]. Furthermore, the increase in LDL may be due to a different form of lipoprotein not associated with increase in cardiovascular risk since there were animal studies which demonstrated that the increase in LDL level after VCO was not associated with aortic atherosclerosis [21
In contrast, females exhibited different anthropometric profiles and lipid profiles after VCO consumption when compared to their male counterparts. Even though the reduction in WC was larger compared to males it was not statistically significant. When comparing females with BMI ≥ 30 and BMI < 30, the reduction in WC was greater in females with BMI < 30 but it was not statistically significant. The larger reduction in WC was not associated with a decrease in BMI or weight but was associated with a nonsignificant increase in FFM and a nonsignificant decrease in FM and body fat percentage. The data appeared to indicate that females in general lose more of their body fat with VCO and females with a lower BMI may lose more abdominal fat. This was not reflected on their BMI or WHR in contrast with their male counterparts. This supports the evidence that different indices are applicable to different gender and ethnic groups [6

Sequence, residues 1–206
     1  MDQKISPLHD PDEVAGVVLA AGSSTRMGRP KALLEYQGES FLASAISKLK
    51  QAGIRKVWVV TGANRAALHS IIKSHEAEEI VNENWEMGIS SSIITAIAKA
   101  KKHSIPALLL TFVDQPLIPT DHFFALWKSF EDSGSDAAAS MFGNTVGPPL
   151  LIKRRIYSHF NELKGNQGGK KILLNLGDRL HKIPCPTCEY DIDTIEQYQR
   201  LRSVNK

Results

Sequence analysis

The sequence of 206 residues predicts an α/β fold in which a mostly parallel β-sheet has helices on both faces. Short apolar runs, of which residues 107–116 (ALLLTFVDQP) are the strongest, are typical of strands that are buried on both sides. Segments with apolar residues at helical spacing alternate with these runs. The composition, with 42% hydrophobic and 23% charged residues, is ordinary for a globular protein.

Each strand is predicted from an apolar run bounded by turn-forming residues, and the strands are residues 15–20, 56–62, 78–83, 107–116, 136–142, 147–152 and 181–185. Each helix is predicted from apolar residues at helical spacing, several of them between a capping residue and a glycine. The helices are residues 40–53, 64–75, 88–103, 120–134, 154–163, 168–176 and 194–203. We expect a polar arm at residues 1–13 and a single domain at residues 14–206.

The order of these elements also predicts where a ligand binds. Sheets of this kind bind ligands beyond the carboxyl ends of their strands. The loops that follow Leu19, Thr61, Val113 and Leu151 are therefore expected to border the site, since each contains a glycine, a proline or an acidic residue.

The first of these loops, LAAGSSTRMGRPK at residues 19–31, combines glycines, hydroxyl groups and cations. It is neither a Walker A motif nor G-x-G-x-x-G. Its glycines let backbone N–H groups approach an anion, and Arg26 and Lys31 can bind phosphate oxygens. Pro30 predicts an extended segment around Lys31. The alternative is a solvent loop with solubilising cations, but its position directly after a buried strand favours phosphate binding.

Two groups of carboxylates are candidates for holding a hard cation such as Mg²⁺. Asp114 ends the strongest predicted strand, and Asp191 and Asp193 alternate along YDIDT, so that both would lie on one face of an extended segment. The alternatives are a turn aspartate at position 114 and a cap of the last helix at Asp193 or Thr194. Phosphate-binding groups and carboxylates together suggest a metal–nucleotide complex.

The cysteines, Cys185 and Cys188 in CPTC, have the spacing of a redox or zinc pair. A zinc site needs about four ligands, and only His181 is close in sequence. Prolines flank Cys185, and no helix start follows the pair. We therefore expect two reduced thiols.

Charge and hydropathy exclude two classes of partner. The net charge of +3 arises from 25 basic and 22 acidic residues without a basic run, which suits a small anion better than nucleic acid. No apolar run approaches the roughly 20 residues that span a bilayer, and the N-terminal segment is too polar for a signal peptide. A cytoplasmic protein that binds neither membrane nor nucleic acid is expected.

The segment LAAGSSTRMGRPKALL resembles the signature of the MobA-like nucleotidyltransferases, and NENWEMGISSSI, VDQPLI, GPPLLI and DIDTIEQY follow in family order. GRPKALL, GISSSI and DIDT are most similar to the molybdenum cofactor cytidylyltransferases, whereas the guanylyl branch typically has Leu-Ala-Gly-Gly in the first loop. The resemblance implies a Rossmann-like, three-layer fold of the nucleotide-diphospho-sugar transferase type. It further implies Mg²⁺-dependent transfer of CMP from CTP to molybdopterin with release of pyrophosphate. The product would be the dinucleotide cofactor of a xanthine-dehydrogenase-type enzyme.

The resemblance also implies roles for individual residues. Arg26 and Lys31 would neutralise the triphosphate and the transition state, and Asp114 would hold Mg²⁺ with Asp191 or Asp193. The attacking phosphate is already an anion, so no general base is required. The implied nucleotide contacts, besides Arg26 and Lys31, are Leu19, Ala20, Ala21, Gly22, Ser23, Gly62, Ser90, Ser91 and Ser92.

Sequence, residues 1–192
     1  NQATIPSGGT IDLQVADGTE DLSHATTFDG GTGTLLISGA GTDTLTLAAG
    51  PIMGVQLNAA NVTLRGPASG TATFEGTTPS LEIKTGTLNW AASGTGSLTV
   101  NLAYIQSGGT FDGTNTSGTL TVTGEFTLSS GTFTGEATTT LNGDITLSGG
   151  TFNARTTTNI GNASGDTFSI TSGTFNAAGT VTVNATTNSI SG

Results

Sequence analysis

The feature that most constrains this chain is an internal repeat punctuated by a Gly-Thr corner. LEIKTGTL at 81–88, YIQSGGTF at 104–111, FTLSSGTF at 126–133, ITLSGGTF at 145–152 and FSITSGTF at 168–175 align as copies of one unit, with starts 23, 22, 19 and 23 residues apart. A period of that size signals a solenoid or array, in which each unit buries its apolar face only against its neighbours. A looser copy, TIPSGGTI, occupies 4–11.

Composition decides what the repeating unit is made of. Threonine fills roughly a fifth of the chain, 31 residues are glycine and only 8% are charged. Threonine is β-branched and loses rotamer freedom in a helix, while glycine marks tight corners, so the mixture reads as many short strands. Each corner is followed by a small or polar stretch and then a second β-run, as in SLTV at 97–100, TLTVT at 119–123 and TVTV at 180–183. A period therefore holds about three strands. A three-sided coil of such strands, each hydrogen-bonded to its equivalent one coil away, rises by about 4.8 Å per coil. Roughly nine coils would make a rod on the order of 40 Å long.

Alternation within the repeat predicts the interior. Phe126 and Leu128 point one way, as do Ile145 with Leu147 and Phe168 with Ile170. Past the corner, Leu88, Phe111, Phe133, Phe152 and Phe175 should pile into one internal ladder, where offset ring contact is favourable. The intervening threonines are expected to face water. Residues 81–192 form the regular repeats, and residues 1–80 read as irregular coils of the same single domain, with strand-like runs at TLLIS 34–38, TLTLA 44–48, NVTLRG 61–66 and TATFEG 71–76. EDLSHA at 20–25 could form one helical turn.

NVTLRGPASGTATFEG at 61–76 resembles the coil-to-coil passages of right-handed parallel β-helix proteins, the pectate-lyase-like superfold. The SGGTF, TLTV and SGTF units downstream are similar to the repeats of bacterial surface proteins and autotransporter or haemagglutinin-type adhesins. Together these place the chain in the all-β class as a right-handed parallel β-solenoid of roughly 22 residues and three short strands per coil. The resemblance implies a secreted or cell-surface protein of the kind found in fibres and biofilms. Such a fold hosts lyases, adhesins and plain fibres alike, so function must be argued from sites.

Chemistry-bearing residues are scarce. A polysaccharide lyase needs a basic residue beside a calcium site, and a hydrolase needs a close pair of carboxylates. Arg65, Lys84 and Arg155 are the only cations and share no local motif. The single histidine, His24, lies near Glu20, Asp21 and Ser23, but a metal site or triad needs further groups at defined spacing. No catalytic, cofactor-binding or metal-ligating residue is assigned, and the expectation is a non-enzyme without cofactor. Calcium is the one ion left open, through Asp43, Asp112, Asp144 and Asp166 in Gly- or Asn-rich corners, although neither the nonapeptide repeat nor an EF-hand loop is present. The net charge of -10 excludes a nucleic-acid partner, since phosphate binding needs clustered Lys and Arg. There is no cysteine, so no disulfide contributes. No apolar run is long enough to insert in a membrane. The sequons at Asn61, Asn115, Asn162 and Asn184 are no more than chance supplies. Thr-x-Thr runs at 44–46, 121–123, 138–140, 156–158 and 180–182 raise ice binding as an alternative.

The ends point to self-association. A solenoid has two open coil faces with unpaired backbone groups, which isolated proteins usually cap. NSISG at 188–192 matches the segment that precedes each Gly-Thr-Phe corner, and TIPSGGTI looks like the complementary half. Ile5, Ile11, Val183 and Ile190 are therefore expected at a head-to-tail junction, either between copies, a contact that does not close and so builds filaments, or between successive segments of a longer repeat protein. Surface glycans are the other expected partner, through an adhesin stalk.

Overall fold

]. However, the insignificant reduction in WC can also be explained by the relatively high-standard deviation suggesting that there was a high variability of WC reduction among females who took VCO (). In addition, the total cholesterol and LDL appeared to decrease in females who consume VCO with triglycerides and HDL almost unchanged. A study using coconut oil in obese women demonstrated a reduction of abdominal fat with unchanged lipid profiles providing support for similar findings in the current study [9
]. This also reflected that females benefited from VCO in a manner different from males [23
Comparison of mean differences in anthropometric measurements and lipid profile values in 7 males and 13 females after VCO consumption.